After Lobo plays a rough exhibition game against Stanford, it is in fact McClain, along with McClain’s best friend and Olympic vet Teresa Edwards, who tell Lobo to keep her chin up. The older national team players have bounced around Europe and Japan for years before getting this chance to train in the U.S. Venus to the Hoop understands that a life in women’s basketball has long required freakish resolve. It’s the only way to make it in a sport with scarce opportunities. To accompany Tuesday's roster announcement, USA Basketball released videos of players being told they had made the team, often under the pretense of a meeting or an interview. Even the sure bets reveled in the news. There were no false notes in the shrieks A’ja Wilson let out next to her teammates.

The other tension Corbett captures is the one between VanDerveer’s mandate, to win gold after an embarrassing bronze finish at the '92 Olympics, and the team’s other obligations, which the head coach views with suspicion. Their tour is funded by the NBA; accordingly, the players have signed contracts promising to appear at junkets and events while they prepare. “Basketball is not a popularity contest,” VanDerveer reminds the team one day.

Debate shows deal in absolutes, but it's more honest to say the position of USA Basketball falls somewhere between VanDerveer and the late NBA commissioner David Stern, who knew that everything is a popularity contest. The team's decisions have always involved some awkward blend of basketball and politics. Under Carol Callan, the longtime women’s team director who retired from USA Basketball after the Tokyo Olympics, the selection process could feel clubby and opaque. Just ask Candace Parker, snubbed in 2016. When MVP Nneka Ogwumike was left off the Tokyo team, the team's then-coach Staley said she was heartbroken by the decision; one selection committee member, now-Sparks head coach Curt Miller, referred questions to Callan; and Callan, through a spokesperson, said it was policy not to comment. Getting angry about the Olympic team is practically a fan rite of passage. Welcome, everyone.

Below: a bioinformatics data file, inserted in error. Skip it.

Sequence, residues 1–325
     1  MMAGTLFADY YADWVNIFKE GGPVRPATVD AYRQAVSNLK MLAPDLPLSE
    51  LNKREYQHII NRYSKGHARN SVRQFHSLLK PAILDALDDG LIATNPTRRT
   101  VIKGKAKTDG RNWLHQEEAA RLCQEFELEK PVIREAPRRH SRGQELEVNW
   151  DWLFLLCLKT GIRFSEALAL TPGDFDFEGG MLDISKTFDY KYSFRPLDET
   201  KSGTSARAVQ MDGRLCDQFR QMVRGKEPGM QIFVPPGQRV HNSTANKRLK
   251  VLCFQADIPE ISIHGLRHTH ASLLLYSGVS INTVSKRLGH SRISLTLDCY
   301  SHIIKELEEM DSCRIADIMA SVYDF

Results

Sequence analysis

In that context, it was amusing to see one of the more straightforward Team USA rosters of late reported with such commotion. Delivering the scoop, the sports journalist Christine Brennan called Clark's omission “stunning news” and “the worst” selection decision she had seen in 40 years of covering the Olympics. It is neither of those things. USA Basketball certainly played politics, paying deference to a past-her-prime Diana Taurasi, but the team makes sense. I like its new spots of athleticism with Jackie Young, Alyssa Thomas, and Kahleah Copper.

Even if some national team decisions have been opportunistic or partial in the past (and present, in Taurasi's case), that doesn't mean they should all be governed by that logic forever. It’s good not to make the same mistake twice. And I’m not sure Team USA has the huge margins for error people like to imagine when they lobby for Clark’s inclusion. Take it from someone who still has dark circles under her eyes from watching all those 12:40 a.m. games at the last Olympics: Team USA played some uninspiring stretches of basketball in Tokyo. At the Olympic qualifying tournament this February, they beat a shorthanded Belgium squad with a tip-in at the buzzer.